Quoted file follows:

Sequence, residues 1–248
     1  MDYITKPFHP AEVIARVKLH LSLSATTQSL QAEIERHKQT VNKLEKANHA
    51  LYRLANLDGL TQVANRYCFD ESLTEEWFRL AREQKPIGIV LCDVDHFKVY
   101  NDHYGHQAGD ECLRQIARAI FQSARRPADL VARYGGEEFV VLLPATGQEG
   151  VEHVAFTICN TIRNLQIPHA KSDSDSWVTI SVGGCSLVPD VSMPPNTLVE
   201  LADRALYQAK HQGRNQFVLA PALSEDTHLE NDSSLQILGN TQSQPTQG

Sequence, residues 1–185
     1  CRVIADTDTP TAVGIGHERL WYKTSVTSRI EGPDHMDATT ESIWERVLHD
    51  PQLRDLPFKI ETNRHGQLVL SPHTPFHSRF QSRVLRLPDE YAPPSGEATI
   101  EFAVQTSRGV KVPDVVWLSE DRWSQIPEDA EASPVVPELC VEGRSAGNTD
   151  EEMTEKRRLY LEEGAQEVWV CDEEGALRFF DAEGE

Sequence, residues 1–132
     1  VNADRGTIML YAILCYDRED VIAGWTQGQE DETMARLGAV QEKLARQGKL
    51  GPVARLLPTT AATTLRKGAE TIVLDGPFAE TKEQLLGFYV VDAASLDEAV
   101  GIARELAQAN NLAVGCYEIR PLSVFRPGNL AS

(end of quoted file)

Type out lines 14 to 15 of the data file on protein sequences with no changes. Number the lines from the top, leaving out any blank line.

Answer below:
    51  GPVARLLPTT AATTLRKGAE TIVLDGPFAE TKEQLLGFYV VDAASLDEAV
   101  GIARELAQAN NLAVGCYEIR PLSVFRPGNL AS